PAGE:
Alcohol sales in the UK fell 20% by volume in the three months to June 2020, but rum experienced a significant sales boost during lockdown, new data has shown.
In the three-month period between April and June 2020, data from trade body the Wine and Spirit Trade Association (WSTA) found that 38% more rum was sold than in the same period last year, equivalent to an extra 1.3 million bottles. Total rum sales were worth £119m (US$155m) in the quarter.
The biggest growth during the three months came from flavoured and spiced rums which jumped 53% by volume – equal to 3.4m bottles of the overall rum category. The subcategory outsold white rum for the first time, the WSTA noted.
Over the 12-month period to June 2020, rum grew 8% by volume and is now worth £430m (US$561m), placing it behind whisky, vodka and gin by value.
The WSTA said sales of gin in the off-trade grew 22% by volume and 27% by value, despite off-trade growth for the category slowing over recent months.
Total gin sales in the UK over the 12 months to June 2020 grew 15% to £1.1 billion (US$1.4bn).
The WSTA said the strong performance of rum and gin was due to consumers drinking more cocktails and exploring new flavours as the on-trade was forced to close during the coronavirus lockdown.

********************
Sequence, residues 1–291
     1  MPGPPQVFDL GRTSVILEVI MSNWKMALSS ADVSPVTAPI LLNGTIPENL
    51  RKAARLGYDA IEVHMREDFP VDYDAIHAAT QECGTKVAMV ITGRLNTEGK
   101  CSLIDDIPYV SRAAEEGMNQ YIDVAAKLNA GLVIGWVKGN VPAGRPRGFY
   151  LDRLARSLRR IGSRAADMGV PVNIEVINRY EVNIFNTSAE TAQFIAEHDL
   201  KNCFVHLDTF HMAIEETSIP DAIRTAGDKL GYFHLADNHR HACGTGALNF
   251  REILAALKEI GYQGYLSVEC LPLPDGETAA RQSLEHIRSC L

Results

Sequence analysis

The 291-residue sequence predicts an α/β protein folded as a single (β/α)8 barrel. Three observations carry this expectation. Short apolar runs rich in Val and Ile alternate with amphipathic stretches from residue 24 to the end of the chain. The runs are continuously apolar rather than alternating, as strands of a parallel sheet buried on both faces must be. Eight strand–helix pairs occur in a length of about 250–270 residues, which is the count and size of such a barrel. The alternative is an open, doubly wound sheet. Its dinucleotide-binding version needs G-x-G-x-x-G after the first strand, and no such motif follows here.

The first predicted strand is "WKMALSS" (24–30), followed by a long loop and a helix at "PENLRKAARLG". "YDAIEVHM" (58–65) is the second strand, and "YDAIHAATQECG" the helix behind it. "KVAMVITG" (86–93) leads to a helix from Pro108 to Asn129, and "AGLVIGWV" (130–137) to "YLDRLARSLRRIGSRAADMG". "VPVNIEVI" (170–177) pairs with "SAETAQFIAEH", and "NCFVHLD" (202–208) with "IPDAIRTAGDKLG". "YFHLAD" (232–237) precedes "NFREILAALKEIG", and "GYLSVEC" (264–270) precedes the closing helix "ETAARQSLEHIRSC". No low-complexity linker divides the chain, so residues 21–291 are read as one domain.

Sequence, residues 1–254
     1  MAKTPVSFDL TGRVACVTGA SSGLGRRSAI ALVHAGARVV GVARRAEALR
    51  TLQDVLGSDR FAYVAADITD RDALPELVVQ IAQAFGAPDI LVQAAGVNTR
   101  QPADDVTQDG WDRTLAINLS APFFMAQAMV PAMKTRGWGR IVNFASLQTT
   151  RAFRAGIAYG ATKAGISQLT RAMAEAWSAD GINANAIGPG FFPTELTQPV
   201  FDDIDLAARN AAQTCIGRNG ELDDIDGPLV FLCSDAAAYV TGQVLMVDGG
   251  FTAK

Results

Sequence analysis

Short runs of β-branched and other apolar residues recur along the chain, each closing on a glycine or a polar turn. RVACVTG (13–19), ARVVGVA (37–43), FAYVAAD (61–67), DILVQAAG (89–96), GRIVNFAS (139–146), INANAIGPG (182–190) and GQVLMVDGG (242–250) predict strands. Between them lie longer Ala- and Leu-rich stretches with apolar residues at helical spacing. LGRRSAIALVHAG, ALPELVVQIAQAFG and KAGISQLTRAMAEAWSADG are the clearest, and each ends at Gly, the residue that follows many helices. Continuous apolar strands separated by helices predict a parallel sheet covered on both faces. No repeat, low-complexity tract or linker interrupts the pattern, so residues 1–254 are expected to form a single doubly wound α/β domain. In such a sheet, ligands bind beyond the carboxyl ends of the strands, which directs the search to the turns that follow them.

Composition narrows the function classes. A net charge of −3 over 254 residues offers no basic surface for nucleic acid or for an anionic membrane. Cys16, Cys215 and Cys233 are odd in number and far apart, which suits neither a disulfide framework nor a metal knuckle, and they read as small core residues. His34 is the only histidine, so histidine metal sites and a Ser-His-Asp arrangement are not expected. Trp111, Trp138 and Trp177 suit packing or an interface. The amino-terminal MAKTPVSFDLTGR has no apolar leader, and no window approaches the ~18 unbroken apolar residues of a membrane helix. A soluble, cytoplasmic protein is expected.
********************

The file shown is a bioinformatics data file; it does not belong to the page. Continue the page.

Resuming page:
Off-trade alcohol sales rose 8% by volume in the year to June 2020, and grew 35% between April and June this year.
Miles Beale, chief executive of the WSTA, said: “Our latest numbers show that rum is lockdown’s champion, as the experimentation Brits liked to enjoy in pubs and bars carried over to their homes. However, this also underlines the importance of on-trade venues as the shop window for new innovations in the spirits category.
“With news just last week of further restrictions being placed on the hospitality sector, the climate for our distillers, many of whom are SMEs and have come to represent such a great British success story of recent years, continues to get tougher.”
The WSTA said last week that it welcomed further financial support for hospitality venues in tier two restrictions.
However, Beale said those who help the hospitality sector, including distillers, continue to be “overlooked” and “need access to the same levels of support”.
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Author: Nicola Carruthers